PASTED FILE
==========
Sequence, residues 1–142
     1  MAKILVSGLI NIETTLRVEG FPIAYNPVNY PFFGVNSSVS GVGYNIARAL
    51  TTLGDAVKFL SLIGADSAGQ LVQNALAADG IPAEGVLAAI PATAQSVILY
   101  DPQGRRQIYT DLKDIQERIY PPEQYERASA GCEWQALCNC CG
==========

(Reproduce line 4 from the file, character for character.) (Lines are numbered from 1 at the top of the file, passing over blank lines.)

   101  DPQGRRQIYT DLKDIQERIY PPEQYERASA GCEWQALCNC CG